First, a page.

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Old 11-08-2014, 09:07 AM
Location: southwestern PA
20,419 posts, read 39,185,898 times
Reputation: 39173
"Is it worth it to do tons of updates if I want to move within 5 years?"

What updates are you specifically considering?

I would do whatever I wanted to do, to make that house my home.
I have never remodeled for resale.
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Old 11-08-2014, 11:51 AM
4,642 posts, read 7,835,404 times
Reputation: 14390
OP, take that home inspection report from when you purchased (or spend the ~$200 to have a new one) and address every concern in the next 5 years. The fewer issues a potential buyer can find, the less they have a leg to stand on with negotiation. It's my #1 priority (I've bought 4 homes in the last 9 years, sold 2), and with my limited exposure I've yet to make any negotiations based on property 'issues'.

What doesn't matter is anything cosmetic (meaning wall colors, not crumbling drywall/holes).
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Old 11-08-2014, 06:39 PM
Location: Southwest Washington State
25,466 posts, read 16,415,619 times
Reputation: 38293
Brian M is right. Address all the issues that a home inspection would pick up. Paint the place in pleasant neutral colors. Decorate. If there is an eyesore in the house, deal with that. (Dated fireplace, old appliance, old flooring, beat up sinks, etc.)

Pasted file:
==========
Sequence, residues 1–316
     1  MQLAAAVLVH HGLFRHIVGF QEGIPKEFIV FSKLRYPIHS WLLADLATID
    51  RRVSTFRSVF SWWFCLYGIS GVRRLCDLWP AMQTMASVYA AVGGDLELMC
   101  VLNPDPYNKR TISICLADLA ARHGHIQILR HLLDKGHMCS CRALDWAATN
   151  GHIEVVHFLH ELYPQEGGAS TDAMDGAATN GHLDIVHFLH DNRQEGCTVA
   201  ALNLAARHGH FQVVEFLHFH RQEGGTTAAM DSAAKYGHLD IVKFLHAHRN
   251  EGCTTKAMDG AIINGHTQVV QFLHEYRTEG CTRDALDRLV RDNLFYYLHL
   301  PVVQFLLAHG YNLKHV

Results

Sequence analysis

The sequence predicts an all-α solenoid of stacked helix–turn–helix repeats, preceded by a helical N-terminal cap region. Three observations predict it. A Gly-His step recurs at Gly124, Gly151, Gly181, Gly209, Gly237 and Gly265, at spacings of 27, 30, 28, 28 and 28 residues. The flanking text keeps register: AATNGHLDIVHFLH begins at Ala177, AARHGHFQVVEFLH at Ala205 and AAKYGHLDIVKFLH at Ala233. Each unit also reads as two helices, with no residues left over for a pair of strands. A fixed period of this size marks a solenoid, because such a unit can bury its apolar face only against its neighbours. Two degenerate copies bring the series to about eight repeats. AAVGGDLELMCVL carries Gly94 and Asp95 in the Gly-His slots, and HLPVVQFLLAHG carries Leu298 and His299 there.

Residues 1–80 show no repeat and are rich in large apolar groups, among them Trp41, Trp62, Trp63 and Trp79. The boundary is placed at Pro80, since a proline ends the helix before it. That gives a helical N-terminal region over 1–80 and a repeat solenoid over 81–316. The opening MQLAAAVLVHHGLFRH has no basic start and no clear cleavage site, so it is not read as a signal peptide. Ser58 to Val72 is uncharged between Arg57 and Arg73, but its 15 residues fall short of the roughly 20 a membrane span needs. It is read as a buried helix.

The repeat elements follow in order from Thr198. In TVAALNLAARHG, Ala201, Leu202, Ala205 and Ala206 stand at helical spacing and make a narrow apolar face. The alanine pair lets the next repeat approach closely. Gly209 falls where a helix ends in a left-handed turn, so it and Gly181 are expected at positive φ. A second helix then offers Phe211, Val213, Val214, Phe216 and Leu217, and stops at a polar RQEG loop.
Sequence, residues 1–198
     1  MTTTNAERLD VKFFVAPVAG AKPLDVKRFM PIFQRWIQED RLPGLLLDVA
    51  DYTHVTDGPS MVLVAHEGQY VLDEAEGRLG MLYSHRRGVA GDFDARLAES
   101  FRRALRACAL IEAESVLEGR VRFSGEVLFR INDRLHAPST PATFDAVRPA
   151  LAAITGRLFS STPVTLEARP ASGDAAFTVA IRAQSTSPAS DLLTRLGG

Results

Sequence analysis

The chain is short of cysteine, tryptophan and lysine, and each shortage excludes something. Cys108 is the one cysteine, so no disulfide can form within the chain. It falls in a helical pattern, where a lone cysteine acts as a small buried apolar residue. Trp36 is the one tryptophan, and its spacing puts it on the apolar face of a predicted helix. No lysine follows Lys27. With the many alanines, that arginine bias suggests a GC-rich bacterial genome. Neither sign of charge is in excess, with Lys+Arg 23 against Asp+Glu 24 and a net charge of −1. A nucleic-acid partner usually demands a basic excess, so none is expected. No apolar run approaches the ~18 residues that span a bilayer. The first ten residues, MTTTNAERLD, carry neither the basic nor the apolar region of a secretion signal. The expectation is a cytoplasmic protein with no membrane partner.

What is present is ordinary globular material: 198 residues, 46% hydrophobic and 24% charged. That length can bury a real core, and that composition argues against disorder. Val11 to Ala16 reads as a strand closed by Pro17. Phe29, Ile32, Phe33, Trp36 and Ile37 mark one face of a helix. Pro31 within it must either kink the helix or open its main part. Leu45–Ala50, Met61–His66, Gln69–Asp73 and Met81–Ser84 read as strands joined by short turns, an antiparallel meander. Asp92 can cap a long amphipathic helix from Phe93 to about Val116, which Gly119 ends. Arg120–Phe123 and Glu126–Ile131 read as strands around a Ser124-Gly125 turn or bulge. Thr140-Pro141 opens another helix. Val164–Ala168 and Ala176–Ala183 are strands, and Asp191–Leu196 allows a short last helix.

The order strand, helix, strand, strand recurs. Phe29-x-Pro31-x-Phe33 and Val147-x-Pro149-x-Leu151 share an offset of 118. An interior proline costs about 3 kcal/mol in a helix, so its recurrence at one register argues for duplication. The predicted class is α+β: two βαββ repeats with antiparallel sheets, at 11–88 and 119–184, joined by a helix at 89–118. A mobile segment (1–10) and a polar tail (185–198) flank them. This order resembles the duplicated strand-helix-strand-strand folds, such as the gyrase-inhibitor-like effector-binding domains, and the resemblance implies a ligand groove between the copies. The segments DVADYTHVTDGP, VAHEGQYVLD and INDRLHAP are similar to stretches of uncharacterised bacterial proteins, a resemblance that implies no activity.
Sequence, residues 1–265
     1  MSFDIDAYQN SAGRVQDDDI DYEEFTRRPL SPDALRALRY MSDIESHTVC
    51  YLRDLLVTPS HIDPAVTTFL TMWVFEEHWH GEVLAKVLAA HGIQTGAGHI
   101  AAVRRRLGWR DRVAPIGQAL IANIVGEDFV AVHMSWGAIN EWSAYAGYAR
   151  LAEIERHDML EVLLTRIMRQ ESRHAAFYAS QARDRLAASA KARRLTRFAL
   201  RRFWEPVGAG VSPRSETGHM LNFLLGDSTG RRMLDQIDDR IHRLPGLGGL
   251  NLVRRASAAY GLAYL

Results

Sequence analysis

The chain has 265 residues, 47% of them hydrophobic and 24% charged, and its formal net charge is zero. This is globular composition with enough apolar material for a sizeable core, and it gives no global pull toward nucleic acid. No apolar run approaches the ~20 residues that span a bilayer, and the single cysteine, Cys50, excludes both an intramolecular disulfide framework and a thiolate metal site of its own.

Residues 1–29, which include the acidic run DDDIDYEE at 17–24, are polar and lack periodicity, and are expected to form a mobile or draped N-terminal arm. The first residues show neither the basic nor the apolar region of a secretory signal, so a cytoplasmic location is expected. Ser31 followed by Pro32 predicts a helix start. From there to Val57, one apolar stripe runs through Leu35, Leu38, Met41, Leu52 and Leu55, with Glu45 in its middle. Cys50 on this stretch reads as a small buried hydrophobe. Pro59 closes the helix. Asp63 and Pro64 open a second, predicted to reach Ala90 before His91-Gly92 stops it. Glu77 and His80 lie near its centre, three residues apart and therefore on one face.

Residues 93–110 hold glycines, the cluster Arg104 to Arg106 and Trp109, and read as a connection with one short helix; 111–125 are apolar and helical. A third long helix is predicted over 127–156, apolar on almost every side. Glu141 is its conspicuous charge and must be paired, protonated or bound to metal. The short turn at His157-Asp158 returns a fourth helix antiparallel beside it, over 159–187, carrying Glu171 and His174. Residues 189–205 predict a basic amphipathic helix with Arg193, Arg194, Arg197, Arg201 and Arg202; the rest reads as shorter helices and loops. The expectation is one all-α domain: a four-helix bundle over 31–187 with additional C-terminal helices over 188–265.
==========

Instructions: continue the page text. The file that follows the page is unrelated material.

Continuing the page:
Then sell. But what were you thinking when you bought a larger house? Is it possible that you might want to live there a little longer? It costs money to move. I recommend making a plan for the next 20 years, and using that plan as a guide to what you do now.
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Old 11-09-2014, 07:51 AM
Location: Wonderland
50,730 posts, read 40,119,236 times
Reputation: 71696
OP, anything that's dangerous or truly defective should be repaired immediately. I'm thinking structural or systems related.

As for cosmetic updates, I'd prioritize them. Paint is cheap and very effective when it comes to changing the feel and ambiance of a space. How is your flooring? Can it be renovated rather than replaced? (Flooring can cost a bundle to replace.) Light fixtures can be refinished rather than replaced sometimes. Wallpaper can be removed. Cabinets can be painted rather than replaced, and given new life with new pulls.

You should post some pictures and give us more information to work with. Five years is a long time to be dissatisfied with where you live every day. I am pretty sure you can make some significant differences without spending a ton of money.

By the way, you say you spent too much money on the house. Did you finance it? If so, it had to be appraised prior to the loan being approved. What did the appraisal come in at?
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Old 11-10-2014, 01:08 PM
Location: Brooklyn New York
15,856 posts, read 26,052,902 times
Reputation: 21427
people also have to keep in mind, that what is hip and trendy and in style, and all the rage. MAY NOT be relevant in 5 years.

noe one can possibly know that.

I clean well kept house will always win in the long run.